On a Poem by (or Not by) Emily Dickinson

I was reading the Dover Thrift Edition of Emily Dickinson’s Selected Poems (1990) the other day when I came across this beautiful miniature:

Safe in their alabaster chambers,

Untouched by morning and untouched by noon,

Sleep the meek members of the resurrection,

Rafter of satin, and roof of stone.

Light laughs the breeze in her castle of sunshine;

Babbles the bee in a stolid ear;

Pipe the sweet birds in ignorant cadence,–

Ah, what sagacity perished here!

Grand go the years in the crescent above them;

Worlds scoop their arcs, and firmaments row,

Diadems drop and Doges surrender,

Soundless as dots on a disk of snow.

The problem is that she didn’t write it–at least, not in this form. All the words are hers, but this text appears to be a composite.

The website of the Academy of American Poets gives two different versions of the poem, one from 1859 (including the first and second stanzas of what is above, though with different line breaks and punctuation and a variant text) and the other from 1861 (including the first and third stanzas, again with different line breaks and punctuation).


Safe in their Alabaster Chambers—
Untouched by Morning
And untouched by Noon—
Sleep the meek members of the Resurrection—
Rafter of satin,
And Roof of stone.

Light laughs the breeze
In her Castle above them—
Babbles the Bee in a stolid Ear,
Pipe the Sweet Birds in ignorant cadence—
Ah, what sagacity perished here!


Safe in their Alabaster Chambers—
Untouched by Morning
And untouched by Noon—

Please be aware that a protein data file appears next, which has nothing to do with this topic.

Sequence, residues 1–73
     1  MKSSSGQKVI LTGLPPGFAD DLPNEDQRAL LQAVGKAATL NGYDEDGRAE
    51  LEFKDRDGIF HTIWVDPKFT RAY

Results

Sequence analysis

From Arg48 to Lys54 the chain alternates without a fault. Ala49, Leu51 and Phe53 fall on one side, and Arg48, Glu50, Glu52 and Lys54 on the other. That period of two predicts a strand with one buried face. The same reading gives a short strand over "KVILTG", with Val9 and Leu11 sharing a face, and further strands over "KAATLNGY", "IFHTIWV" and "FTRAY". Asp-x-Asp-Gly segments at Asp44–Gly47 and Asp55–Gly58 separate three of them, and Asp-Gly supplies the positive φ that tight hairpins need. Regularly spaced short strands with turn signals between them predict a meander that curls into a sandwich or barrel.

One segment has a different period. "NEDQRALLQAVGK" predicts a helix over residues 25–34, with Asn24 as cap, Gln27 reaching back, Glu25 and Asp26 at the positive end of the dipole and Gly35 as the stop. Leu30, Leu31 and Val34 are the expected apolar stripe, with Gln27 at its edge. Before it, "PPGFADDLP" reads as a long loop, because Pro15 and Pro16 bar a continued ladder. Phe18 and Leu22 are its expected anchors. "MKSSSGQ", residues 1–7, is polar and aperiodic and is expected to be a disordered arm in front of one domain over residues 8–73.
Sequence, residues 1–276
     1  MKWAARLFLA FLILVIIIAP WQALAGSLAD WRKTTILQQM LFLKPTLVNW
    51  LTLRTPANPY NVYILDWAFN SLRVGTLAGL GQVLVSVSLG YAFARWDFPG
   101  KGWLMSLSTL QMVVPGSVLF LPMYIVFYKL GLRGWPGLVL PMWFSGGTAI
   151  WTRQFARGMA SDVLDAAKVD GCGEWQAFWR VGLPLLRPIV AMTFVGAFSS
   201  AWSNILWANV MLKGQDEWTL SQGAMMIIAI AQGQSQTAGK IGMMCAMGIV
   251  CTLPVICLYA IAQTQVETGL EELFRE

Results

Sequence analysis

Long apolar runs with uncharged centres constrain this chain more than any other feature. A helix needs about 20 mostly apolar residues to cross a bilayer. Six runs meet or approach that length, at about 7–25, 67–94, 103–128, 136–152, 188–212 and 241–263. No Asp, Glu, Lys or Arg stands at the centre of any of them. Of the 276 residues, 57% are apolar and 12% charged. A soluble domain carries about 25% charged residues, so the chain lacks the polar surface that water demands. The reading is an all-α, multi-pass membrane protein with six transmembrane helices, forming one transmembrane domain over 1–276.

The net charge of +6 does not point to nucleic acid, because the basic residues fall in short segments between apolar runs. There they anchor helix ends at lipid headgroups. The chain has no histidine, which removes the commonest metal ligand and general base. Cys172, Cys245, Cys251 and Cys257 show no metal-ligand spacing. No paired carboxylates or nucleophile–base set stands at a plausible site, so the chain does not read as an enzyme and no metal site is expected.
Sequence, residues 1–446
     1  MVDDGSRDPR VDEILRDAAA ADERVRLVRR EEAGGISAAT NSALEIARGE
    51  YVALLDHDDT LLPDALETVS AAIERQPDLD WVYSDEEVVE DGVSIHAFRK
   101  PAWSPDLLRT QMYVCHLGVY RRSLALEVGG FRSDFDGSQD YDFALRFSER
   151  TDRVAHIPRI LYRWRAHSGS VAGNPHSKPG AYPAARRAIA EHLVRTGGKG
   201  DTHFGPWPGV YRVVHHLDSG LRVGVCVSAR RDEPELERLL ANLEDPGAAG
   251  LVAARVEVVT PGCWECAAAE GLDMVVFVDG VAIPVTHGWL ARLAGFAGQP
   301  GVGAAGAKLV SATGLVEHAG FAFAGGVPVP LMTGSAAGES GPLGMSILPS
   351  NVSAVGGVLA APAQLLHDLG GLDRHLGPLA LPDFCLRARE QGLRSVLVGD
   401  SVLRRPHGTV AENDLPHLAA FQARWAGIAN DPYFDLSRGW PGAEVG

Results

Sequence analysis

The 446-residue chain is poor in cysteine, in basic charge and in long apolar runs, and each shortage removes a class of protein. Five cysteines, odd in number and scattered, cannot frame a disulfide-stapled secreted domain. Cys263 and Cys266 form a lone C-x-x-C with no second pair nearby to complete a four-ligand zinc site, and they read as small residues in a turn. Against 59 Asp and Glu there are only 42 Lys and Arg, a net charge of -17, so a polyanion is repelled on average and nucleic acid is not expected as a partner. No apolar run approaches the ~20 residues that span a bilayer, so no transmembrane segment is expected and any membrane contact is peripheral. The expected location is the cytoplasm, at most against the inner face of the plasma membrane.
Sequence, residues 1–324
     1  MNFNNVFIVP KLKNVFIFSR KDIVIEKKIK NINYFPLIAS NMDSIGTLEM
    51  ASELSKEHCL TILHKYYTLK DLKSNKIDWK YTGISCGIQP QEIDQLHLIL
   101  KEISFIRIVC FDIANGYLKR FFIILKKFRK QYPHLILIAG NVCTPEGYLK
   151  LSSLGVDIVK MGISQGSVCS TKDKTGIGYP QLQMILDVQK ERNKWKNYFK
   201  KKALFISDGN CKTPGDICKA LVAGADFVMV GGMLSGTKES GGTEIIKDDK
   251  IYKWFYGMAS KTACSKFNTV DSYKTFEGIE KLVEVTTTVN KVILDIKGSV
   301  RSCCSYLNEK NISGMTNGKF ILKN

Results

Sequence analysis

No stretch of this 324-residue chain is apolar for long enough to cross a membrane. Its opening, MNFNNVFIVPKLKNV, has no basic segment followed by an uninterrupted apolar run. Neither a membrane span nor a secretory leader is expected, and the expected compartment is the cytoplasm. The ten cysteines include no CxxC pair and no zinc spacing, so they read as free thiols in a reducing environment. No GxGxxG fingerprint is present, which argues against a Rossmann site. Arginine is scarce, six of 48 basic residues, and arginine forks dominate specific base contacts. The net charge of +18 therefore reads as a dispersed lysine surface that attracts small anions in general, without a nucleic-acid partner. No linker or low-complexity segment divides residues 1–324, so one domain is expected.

Lie the meek members of the Resurrection—
Rafter of Satin—and Roof of Stone!

Grand go the Years—in the Crescent—above them—
Worlds scoop their Arcs—
And Firmaments—row—
Diadems—drop—and Doges—surrender—
Soundless as dots—on a Disc of Snow—

The latter is the version of the text in the Variorum Edition of Ralph W. Franklin.

It appears, then, that Dickinson didn’t write the poem in this form (though I’m happy to be corrected by someone more knowledgeable than myself). So where did the Dover edition get the text?

The front matter tells us that the text is reproduced “exactly” from an edition from the 1890s (except for one emendation that has nothing to do with the poem in question). The Dover editor(s) used the 1897 edition; a quick search didn’t turn that one up, but you can see it in the edition of 1908 (copyright, 1890) here.

Dickinson died in 1886–so, before this edition was published. It is nearly contemporary with her, but she wouldn’t have been able to exercise any editorial control over it, even if she had been the sort of writer who would have wanted to do so.

It seems to me that this raises some interesting and complicated questions of authorship and authority. What does “authorship” mean here, and what sort of “authority” does the first version of the text above have? What is the relationship between authorship, editing, and authority?

In this instance, all the words are Dickinson’s, and yet she doesn’t seem to have written them in just this way. Nevertheless, readers have been reading the poem in this form as Dickinson’s since at least 1890, and so this version has been “Dickinson’s poem” in the minds of many readers since shortly after her death. Thus we can add another category in play in the determination of textual authority to authorship and editing, viz., reception. What role does the reception of a text play in constituting said text?

Other examples come to mind, e.g., the plays of Shakespeare. What is the “authoritative” version of Hamlet? Of King Lear? How do we know, and what difference does it make? How do we link up ideas of single authorship with the textual decisions and receptions of a multiplicity of people? This short poem of Dickinson can provide a good instance for thinking through some of these issues.


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